5 Mar 2012: Rethinking Immunity against Pneumococcal Disease (2012) Correction: Rethinking Immunity against Pneumococcal Disease. PLOS Medicine 9(3): 10.1371/annotation/b9f2fdde-2923-4dfe-beff-b101d023f7b0. doi: 10.1371/annotation/b9f2fdde-2923-4dfe-beff-b101d023f7b0 View correction
Citation: (2005) Rethinking Immunity against Pneumococcal Disease. PLOS Med 2(1): e20. doi:10.1371/journal.pmed.0020020
Published: January 25, 2005
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Streptococcus pneumoniae is a common bacterium that is present in the nasopharynx of many children and some adults, where it causes no harm to its carrier but can be transmitted to others. If it moves beyond the nasopharynx, however, it can cause ear infections or invasive disease, such as pneumonia or meningitis. Invasive disease from this organism occurs especially in children, the elderly, and individuals with weakened immune systems.
The protective effect of antibodies against bacterial pneumonia has been appreciated since the 1930s, when it was shown that serum therapy—the transfer of serum from an immunized animal to a patient with acute disease caused by the same bacterial strain—could reduce mortality from pneumococcal pneumonia by half. Subsequent development of vaccines based on the bacterium's polysaccharide capsule, which could protect against infection, confirmed that an endogenous antibody response can provide protection against invasive disease.
One challenge for vaccine development has been the existence of many different serotypes (the same species of bacteria but with different composition of the polysaccharide capsule). As protection usually doesn't extend to different serotypes, vaccination with capsule components from different serotypes is necessary to ensure broad protection. Such vaccines have been shown to be efficient and safe. They are now recommended in many countries for infants and toddlers, and for people over 65—the two age groups in which invasive disease is most common—and for others who are at increased risk of pneumococcal disease (e.g., patients with heart, kidney, liver, or lung disease, or who have had a splenectomy).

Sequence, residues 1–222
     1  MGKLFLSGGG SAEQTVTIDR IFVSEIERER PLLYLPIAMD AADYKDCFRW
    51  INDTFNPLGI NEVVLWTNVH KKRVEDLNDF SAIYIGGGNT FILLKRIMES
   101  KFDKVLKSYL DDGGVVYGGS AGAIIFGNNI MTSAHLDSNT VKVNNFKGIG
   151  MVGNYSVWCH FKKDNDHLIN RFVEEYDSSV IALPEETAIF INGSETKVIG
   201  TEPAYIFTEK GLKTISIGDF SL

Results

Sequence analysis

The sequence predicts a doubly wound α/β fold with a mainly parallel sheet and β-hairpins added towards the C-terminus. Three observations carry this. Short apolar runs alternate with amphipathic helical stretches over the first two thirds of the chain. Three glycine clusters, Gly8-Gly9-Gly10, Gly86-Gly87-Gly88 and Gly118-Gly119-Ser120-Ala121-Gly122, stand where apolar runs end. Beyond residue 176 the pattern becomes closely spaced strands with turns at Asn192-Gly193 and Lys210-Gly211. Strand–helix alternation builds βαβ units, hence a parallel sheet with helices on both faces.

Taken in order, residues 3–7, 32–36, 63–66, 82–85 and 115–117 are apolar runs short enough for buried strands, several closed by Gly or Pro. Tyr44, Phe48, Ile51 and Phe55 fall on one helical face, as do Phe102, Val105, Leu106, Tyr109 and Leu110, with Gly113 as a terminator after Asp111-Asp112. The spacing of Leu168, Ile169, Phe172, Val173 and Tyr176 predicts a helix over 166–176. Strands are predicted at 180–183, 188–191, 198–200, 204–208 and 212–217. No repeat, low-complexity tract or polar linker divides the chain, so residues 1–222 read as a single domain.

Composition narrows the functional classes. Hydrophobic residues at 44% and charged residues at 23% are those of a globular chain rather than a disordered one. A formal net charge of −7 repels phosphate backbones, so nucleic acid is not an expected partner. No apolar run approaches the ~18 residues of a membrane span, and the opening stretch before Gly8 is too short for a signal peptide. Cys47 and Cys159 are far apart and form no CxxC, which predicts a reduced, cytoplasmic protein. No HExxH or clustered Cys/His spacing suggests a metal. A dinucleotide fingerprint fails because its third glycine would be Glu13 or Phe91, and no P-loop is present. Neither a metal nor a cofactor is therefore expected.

Even without vaccination, however, most exposed individuals will never get invasive disease. Instead, they develop natural immunity against the different serotypes, though this immunity gradually declines with old age. Marc Lipsitch and colleagues wanted to understand the immunological basis of this natural immunity, and specifically whether it was due to anticapsular antibodies.
If protection from invasive disease is due to acquiring anticapsular antibodies against each of the pneumococcal serotypes, they argued, this would lead to two predictions about the age distribution of disease caused by the different serotypes in the non-vaccinated population. First, for serotypes that are more common and therefore encountered earlier in life, children should develop immunity more quickly, causing disease from these types to drop off earlier in life than disease from the less common types. Second, protection against invasive disease from a particular serotype should coincide with the acquisition of antibodies against that serotype, on both the individual and population level.
Neither prediction was borne out by the actual data the researchers analyzed, suggesting that there is more to natural immunity against pneumococcal disease than just anticapsular antibodies. The study doesn't demonstrate what the additional components are, but additional research might not just teach us about our immune system but also provide clues for further vaccine development. As the authors say, “A better understanding of the mechanisms that underlie natural immunity to pneumococcus could pave the way for the development of more effective, species-specific pneumococcal vaccines.”